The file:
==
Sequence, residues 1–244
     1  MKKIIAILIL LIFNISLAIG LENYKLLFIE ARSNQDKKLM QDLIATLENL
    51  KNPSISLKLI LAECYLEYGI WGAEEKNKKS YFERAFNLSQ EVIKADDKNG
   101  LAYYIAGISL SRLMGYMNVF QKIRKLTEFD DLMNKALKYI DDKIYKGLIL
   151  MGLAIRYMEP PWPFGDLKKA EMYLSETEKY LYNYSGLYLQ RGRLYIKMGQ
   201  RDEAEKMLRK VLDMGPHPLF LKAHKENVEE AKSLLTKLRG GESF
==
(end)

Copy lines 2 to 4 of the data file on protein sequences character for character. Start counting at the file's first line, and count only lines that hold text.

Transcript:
     1  MKKIIAILIL LIFNISLAIG LENYKLLFIE ARSNQDKKLM QDLIATLENL
    51  KNPSISLKLI LAECYLEYGI WGAEEKNKKS YFERAFNLSQ EVIKADDKNG
   101  LAYYIAGISL SRLMGYMNVF QKIRKLTEFD DLMNKALKYI DDKIYKGLIL